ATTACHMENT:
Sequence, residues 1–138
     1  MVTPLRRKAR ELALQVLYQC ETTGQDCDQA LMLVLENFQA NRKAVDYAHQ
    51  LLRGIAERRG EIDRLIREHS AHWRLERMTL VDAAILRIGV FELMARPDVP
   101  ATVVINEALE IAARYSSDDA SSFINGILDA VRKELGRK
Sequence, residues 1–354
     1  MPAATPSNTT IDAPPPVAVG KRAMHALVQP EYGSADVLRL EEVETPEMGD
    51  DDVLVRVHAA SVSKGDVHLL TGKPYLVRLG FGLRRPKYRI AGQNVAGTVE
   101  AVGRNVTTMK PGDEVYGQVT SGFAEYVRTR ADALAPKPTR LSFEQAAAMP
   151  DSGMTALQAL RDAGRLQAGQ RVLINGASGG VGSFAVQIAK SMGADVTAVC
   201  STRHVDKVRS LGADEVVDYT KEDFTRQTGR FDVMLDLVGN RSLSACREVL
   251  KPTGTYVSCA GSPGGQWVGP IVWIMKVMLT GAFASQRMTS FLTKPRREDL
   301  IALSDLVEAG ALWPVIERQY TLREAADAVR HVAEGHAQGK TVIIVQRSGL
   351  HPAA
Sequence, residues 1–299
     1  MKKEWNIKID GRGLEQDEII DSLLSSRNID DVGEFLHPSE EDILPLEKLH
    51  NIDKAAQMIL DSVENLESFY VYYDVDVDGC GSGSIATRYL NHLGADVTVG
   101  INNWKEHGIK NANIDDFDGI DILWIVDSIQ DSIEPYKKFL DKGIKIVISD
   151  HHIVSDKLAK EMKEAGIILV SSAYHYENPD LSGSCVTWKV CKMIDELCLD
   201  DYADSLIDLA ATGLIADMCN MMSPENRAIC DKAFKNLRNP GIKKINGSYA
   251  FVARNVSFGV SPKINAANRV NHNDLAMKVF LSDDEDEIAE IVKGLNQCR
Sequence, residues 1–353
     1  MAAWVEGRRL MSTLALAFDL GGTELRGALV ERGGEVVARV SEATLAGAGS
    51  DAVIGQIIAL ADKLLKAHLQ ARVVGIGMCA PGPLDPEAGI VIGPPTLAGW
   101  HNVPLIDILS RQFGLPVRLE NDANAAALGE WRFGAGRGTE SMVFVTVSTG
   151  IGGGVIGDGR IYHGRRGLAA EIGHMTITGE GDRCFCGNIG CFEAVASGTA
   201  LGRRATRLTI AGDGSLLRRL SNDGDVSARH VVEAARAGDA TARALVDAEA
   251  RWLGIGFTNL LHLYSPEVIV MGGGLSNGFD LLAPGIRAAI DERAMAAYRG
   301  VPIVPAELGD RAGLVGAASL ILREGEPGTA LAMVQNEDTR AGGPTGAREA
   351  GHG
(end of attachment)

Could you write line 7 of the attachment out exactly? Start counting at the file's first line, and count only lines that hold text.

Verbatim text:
    51  DDVLVRVHAA SVSKGDVHLL TGKPYLVRLG FGLRRPKYRI AGQNVAGTVE